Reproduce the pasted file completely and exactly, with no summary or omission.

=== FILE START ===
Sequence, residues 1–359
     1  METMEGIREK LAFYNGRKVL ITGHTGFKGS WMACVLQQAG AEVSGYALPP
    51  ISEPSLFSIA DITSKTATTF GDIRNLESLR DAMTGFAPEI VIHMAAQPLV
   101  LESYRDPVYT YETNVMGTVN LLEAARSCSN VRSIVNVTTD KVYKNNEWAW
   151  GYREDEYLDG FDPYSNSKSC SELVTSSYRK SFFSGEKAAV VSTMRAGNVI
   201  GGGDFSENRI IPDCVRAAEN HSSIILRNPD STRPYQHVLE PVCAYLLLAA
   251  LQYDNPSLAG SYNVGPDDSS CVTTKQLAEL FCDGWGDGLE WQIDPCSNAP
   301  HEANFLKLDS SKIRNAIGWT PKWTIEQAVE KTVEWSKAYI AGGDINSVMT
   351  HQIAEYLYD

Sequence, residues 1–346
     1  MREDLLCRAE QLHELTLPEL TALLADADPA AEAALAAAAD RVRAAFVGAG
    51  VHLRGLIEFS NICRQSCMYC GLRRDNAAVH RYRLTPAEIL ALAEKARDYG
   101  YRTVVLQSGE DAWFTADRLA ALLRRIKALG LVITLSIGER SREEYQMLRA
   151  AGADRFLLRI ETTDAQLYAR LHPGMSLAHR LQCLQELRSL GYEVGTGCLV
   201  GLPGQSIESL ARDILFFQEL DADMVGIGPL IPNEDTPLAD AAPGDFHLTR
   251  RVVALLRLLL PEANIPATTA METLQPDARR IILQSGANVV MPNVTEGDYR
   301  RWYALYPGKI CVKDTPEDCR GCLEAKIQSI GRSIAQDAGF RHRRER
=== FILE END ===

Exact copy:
Sequence, residues 1–359
     1  METMEGIREK LAFYNGRKVL ITGHTGFKGS WMACVLQQAG AEVSGYALPP
    51  ISEPSLFSIA DITSKTATTF GDIRNLESLR DAMTGFAPEI VIHMAAQPLV
   101  LESYRDPVYT YETNVMGTVN LLEAARSCSN VRSIVNVTTD KVYKNNEWAW
   151  GYREDEYLDG FDPYSNSKSC SELVTSSYRK SFFSGEKAAV VSTMRAGNVI
   201  GGGDFSENRI IPDCVRAAEN HSSIILRNPD STRPYQHVLE PVCAYLLLAA
   251  LQYDNPSLAG SYNVGPDDSS CVTTKQLAEL FCDGWGDGLE WQIDPCSNAP
   301  HEANFLKLDS SKIRNAIGWT PKWTIEQAVE KTVEWSKAYI AGGDINSVMT
   351  HQIAEYLYD

Sequence, residues 1–346
     1  MREDLLCRAE QLHELTLPEL TALLADADPA AEAALAAAAD RVRAAFVGAG
    51  VHLRGLIEFS NICRQSCMYC GLRRDNAAVH RYRLTPAEIL ALAEKARDYG
   101  YRTVVLQSGE DAWFTADRLA ALLRRIKALG LVITLSIGER SREEYQMLRA
   151  AGADRFLLRI ETTDAQLYAR LHPGMSLAHR LQCLQELRSL GYEVGTGCLV
   201  GLPGQSIESL ARDILFFQEL DADMVGIGPL IPNEDTPLAD AAPGDFHLTR
   251  RVVALLRLLL PEANIPATTA METLQPDARR IILQSGANVV MPNVTEGDYR
   301  RWYALYPGKI CVKDTPEDCR GCLEAKIQSI GRSIAQDAGF RHRRER